William Jaeger was born in 1954 in Seattle, Washington and grew up in the northwest metropolis. As a child, he spent time hiking and fishing in the Cascades. Jaeger was the first in his family to attend college at Washington State University. While he initially anticipated studying engineering, an international study abroad program inspired him to switch to economics. Following his bachelor’s degree, Jaeger went to Burkina Faso as a Peace Corps volunteer and managed an agricultural cooperative. When he returned to the United States, he worked at Boeing while applying to graduate programs. Jaeger was accepted into the Food Research Institute economics program at Stanford University and his PhD research was on agricultural mechanization in Africa.
Upon completing his PhD in 1985, Jaeger went to work for the World Bank to research economic development in Africa. After working at the institution for four years, he decided to return to academia for a change in career and lifestyle options. A two year visiting appointment at Williams College as an economics professor turned into a tenure track position. Teaching a class on environmental economics at Williams ended up shifting Jaeger’s research interests away from African agricultural development. It also coincided with climate change entering the broader economics dialogue and became a topic of interest to Jaeger.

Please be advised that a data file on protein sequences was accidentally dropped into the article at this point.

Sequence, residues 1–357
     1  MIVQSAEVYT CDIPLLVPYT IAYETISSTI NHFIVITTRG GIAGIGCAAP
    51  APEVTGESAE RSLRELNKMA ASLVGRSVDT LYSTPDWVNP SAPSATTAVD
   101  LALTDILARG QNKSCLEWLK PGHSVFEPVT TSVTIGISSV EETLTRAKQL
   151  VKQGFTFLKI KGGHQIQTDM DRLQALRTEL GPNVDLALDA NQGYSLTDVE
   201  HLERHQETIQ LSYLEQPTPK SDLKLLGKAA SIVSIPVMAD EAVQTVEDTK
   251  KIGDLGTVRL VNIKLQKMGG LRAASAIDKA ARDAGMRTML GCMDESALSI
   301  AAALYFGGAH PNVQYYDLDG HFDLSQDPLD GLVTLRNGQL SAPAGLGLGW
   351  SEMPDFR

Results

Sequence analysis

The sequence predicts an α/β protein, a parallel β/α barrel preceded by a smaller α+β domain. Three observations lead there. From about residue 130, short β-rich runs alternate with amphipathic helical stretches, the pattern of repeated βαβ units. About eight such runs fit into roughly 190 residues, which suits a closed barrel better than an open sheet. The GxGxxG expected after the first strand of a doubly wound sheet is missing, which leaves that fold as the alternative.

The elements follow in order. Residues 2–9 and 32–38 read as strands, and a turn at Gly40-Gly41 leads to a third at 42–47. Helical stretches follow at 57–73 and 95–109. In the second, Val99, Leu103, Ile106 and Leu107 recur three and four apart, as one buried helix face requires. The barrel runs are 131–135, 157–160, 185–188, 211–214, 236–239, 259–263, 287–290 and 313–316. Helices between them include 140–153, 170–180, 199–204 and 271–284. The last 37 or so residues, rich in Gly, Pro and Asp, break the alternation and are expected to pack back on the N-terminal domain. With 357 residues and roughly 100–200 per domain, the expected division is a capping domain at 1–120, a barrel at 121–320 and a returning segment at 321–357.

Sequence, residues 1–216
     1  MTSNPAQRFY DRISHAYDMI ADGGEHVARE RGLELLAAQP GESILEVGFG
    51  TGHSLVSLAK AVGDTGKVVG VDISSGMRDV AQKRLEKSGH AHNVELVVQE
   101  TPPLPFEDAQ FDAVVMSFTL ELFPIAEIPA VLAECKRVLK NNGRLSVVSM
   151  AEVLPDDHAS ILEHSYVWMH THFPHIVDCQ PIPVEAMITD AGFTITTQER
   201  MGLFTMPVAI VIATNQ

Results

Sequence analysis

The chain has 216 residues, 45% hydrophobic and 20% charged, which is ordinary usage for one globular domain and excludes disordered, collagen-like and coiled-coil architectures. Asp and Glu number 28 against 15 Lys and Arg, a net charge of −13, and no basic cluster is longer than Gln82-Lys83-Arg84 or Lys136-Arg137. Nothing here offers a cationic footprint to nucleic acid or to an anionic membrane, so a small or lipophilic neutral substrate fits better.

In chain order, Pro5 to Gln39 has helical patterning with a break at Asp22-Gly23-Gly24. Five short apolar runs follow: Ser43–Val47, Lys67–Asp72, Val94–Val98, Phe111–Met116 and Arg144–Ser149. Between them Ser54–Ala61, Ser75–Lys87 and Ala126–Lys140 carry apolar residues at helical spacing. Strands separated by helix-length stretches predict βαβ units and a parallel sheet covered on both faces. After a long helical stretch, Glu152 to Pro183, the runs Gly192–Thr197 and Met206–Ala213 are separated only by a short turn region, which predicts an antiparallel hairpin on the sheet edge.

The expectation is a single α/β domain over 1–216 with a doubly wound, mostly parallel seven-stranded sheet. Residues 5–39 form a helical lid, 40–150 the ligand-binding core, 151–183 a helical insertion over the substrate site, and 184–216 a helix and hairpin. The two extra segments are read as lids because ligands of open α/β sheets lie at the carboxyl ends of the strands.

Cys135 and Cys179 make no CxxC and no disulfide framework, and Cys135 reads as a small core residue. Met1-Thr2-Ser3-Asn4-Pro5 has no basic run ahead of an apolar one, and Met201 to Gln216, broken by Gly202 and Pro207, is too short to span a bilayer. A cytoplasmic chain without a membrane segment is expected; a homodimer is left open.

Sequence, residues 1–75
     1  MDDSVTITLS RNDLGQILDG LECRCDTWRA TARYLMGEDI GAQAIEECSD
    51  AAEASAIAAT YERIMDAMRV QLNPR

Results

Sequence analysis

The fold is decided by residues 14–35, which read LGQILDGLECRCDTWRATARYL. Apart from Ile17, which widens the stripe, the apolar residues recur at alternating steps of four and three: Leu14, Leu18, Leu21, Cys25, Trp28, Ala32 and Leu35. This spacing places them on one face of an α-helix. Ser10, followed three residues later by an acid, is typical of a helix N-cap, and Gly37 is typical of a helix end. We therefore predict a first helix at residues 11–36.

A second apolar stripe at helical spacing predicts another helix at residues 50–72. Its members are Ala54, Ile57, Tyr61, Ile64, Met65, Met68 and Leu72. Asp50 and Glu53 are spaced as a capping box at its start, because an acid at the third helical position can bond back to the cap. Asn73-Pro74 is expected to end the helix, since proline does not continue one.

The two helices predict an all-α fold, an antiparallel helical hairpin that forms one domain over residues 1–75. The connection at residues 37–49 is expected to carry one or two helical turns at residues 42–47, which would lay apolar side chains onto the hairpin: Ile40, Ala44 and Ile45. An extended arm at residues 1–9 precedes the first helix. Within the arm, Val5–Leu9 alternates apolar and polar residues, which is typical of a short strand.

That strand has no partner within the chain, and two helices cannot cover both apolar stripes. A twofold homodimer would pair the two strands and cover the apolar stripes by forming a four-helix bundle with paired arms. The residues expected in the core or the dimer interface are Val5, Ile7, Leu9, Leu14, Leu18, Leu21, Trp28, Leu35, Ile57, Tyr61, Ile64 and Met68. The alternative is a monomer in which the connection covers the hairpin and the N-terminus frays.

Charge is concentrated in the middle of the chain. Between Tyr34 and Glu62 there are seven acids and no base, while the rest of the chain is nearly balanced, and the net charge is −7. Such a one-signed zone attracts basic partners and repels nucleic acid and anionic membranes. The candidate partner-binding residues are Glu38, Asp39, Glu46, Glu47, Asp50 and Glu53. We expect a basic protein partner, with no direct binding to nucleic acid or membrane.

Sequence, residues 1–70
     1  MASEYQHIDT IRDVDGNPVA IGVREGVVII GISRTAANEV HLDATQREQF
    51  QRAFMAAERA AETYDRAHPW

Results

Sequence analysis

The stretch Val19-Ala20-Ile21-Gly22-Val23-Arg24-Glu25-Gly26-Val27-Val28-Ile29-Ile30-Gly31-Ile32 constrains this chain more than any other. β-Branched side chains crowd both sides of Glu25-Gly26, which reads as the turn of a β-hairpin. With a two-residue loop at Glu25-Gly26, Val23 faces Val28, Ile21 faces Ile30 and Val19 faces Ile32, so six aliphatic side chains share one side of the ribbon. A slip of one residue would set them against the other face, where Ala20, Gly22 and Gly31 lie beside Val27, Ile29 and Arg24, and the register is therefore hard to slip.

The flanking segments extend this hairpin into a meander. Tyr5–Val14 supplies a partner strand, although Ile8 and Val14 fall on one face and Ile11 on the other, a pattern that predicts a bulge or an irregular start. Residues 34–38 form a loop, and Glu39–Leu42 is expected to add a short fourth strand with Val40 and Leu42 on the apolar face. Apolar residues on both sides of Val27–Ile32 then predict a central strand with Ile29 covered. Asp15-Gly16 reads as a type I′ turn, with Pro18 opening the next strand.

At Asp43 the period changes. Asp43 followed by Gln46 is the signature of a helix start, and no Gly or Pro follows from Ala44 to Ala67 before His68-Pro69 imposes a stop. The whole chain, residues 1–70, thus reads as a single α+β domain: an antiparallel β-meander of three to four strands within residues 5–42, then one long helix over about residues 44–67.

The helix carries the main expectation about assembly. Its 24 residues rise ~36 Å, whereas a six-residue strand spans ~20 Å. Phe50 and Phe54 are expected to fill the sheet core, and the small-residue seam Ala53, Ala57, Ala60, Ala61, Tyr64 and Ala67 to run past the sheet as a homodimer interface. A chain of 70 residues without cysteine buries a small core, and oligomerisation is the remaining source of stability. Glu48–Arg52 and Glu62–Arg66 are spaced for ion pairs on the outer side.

In 2001, Jaeger took the opportunity to return to the west coast as a professor in the Agricultural and Resource Economics department (now Applied Economics) at Oregon State University. Transitioning to a large research university opened up opportunities to collaborate with a variety of researchers, as well as opportunities to incorporate economic analysis relevant to state-level policy. At OSU, he has analyzed economic aspects of the biofuel industry, water and land use, and environmental taxation policies. In 2007, Jaeger took his family to Italy on a Fulbright Scholarship with the University of Venice.